Article: Lessons from the Texas big freeze

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Lessons from the Texas big freeze

Carl Pope, 24 March 2021

The Texas power market caps wholesale prices at an astonishingly high $9,000 per/mwh. When the crisis hit, the computers managing the market price crashed. Regulators then arbitrarily set prices at the peak rate, and left them there for four days, knowing that generators could not provide more power because their facilities were frozen. During the freeze, household daily utility bills of $2,500 and more were incurred by homeowners who had signed up for variable plans, even when for most of the four days they had no power. The City of Denton incurred $300 million in power bills in a week, $2,000 for each of its 15,000 residents.

The power companies maximised their profit from those units that were up and running. By the third week in February, it appeared all the energy companies serving the Texas market had made as much money in 2021 as they had in the previous three years.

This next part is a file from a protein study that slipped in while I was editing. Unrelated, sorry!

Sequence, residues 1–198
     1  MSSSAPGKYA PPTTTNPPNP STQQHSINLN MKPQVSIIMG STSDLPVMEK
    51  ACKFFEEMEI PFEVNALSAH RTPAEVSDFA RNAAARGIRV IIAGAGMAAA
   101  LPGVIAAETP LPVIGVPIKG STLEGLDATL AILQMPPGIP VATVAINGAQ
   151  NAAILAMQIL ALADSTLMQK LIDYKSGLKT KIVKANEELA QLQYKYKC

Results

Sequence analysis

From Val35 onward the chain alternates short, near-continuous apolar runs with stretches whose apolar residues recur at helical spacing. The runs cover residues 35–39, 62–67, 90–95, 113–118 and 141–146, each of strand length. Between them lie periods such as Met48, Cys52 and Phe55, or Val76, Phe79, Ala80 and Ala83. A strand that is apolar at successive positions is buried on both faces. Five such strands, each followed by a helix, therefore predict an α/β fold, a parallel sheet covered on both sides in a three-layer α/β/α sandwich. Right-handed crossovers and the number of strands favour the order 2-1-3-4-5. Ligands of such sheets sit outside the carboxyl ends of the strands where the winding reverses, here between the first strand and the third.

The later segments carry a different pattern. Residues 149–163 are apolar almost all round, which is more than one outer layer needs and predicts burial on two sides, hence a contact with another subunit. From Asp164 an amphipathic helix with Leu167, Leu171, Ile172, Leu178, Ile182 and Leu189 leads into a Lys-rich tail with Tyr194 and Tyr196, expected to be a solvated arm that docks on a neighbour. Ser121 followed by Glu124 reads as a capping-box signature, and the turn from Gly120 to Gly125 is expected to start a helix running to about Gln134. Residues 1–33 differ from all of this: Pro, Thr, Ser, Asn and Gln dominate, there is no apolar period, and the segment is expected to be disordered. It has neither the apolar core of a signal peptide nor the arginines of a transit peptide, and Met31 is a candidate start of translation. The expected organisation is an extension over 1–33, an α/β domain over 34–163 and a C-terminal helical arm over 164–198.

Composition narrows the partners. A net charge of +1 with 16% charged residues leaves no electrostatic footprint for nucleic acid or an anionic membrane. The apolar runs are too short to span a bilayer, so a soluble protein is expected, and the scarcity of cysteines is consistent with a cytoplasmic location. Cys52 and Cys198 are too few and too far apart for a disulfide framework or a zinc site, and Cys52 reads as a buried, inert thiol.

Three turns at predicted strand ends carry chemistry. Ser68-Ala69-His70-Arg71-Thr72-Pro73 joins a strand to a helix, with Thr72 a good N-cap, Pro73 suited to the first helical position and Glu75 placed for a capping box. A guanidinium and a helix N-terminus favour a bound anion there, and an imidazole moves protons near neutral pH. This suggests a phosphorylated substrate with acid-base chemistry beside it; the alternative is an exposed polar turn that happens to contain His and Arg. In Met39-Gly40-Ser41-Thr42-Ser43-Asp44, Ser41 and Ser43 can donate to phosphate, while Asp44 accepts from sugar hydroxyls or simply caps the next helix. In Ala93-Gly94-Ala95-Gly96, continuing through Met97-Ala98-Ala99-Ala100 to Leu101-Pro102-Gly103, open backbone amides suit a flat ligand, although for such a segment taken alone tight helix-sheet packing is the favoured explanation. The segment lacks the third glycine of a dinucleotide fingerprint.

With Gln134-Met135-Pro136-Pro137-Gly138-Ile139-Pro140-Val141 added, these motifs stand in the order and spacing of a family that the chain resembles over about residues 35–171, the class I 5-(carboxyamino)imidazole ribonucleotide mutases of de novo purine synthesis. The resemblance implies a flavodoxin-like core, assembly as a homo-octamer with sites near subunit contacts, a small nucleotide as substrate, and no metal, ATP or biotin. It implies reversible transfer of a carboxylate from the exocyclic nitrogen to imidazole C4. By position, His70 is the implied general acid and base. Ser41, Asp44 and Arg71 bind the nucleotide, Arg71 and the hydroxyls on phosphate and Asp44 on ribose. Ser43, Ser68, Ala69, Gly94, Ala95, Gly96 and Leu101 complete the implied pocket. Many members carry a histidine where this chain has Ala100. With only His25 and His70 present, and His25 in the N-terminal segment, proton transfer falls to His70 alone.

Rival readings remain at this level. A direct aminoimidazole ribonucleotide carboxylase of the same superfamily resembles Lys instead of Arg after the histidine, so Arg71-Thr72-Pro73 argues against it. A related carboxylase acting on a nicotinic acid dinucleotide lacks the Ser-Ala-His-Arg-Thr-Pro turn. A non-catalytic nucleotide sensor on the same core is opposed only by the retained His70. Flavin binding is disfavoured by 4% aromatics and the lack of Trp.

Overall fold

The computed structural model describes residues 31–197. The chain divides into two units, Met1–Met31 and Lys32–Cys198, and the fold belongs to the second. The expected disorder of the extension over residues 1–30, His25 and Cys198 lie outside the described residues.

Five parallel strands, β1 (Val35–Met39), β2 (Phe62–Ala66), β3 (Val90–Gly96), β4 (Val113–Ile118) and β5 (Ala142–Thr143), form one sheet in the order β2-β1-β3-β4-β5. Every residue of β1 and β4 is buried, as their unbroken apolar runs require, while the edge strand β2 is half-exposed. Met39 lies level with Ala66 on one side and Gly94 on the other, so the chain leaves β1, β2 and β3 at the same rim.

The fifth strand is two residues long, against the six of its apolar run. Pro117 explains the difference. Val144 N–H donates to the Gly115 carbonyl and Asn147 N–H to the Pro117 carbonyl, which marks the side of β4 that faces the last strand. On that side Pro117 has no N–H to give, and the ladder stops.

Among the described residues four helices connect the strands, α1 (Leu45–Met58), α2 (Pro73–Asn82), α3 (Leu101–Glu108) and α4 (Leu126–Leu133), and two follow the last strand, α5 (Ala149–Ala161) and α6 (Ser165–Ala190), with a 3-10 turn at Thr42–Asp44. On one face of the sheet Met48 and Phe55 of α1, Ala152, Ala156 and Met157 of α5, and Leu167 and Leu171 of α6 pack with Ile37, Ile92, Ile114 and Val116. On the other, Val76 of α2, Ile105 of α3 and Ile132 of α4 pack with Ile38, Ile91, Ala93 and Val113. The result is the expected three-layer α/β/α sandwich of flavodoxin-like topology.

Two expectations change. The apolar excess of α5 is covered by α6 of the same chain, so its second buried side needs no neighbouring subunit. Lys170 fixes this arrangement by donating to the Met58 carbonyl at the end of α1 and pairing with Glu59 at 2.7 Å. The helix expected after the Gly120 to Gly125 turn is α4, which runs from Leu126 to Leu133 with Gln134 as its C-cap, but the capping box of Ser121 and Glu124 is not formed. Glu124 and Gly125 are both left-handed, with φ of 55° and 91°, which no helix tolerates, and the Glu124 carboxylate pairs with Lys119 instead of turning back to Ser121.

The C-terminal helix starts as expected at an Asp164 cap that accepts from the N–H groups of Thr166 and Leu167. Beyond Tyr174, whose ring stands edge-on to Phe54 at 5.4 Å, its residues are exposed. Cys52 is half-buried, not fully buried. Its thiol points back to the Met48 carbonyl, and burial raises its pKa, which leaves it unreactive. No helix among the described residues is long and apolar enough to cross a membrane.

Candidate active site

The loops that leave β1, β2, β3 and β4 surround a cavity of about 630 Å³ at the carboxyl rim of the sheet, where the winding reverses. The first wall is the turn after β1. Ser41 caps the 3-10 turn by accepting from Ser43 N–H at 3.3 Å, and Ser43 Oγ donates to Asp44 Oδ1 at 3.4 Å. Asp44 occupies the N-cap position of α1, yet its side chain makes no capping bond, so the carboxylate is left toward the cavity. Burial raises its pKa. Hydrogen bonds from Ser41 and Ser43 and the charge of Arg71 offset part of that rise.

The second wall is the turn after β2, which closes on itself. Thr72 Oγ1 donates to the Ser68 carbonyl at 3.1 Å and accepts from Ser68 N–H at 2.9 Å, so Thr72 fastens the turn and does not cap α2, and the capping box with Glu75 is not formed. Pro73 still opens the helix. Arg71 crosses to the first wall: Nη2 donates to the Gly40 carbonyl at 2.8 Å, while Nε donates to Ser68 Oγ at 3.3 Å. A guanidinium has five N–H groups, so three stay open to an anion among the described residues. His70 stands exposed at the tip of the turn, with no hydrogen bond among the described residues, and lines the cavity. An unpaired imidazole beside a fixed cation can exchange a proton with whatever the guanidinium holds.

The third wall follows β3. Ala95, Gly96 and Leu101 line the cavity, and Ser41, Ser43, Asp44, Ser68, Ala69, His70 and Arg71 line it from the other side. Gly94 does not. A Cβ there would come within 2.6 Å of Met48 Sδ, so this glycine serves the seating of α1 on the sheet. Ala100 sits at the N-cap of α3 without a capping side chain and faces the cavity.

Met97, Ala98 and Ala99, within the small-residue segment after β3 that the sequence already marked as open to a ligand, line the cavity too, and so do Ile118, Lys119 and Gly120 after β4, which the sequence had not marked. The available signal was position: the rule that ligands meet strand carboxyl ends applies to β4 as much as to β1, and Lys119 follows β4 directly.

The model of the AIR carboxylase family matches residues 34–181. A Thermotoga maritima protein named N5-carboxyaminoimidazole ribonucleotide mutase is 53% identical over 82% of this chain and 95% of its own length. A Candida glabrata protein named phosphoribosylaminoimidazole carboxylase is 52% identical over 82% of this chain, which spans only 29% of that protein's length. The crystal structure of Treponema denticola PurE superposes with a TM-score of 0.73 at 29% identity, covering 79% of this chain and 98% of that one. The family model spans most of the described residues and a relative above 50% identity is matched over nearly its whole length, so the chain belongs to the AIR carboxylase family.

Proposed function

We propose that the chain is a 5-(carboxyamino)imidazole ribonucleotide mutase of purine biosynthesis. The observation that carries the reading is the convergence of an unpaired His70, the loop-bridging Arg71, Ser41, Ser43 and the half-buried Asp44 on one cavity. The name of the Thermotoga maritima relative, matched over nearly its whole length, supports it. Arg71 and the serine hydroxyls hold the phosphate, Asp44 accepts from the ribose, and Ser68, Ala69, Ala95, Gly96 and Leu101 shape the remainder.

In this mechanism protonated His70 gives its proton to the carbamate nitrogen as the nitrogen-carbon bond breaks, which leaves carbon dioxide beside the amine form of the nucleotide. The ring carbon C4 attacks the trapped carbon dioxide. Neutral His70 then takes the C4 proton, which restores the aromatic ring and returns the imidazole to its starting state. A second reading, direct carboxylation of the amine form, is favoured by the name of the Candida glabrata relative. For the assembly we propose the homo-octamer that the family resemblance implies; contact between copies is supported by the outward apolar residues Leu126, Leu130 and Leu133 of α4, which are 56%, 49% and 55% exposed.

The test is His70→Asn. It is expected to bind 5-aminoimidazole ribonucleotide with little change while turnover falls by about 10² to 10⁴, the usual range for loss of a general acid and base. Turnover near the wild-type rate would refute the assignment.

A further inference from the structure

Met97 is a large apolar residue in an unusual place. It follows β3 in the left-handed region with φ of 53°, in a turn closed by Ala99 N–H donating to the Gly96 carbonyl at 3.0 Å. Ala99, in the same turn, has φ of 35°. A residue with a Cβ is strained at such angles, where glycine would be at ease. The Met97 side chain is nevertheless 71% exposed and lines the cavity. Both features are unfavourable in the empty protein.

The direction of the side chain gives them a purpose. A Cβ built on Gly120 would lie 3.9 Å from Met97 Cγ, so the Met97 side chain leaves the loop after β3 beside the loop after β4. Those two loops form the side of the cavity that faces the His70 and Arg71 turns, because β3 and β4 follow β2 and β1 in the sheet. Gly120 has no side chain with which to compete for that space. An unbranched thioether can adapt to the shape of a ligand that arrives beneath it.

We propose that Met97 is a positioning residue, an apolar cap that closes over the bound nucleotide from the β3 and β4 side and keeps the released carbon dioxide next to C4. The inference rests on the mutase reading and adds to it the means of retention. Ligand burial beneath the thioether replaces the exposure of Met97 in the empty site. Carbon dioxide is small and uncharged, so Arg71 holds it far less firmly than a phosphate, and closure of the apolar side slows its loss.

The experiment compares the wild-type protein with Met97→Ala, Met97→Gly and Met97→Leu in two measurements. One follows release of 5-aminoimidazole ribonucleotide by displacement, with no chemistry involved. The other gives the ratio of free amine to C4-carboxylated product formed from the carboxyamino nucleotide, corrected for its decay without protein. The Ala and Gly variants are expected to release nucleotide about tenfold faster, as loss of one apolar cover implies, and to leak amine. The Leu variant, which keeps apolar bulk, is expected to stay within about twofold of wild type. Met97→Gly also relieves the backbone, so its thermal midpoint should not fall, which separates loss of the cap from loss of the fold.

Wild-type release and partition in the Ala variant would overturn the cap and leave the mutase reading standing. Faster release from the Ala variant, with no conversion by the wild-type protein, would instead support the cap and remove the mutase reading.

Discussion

“We were able to get super premium prices, that’s going to pay off handsomely like hitting the jackpot,” said Chief Financial Officer Roland Burns of Comstock Resources, a leading Texan energy producer. He later apologised when his remarks hit the headlines.

Texas’ deregulated system, like that previously adopted by California, relied on a power market able to handle the state’s extreme variations in weather and electricity demand. Generators would prepare for and meet, at reasonable prices, demand spikes. Instead, generators found they could make huge windfall profits if the market failed, and supply fell while demand soared.

In California, achieving this goal required market manipulation by companies like Enron. In Texas, generators discovered they could let the weather do the market manipulation for them, and reaped enormous profits while providing only half the power the state needed.

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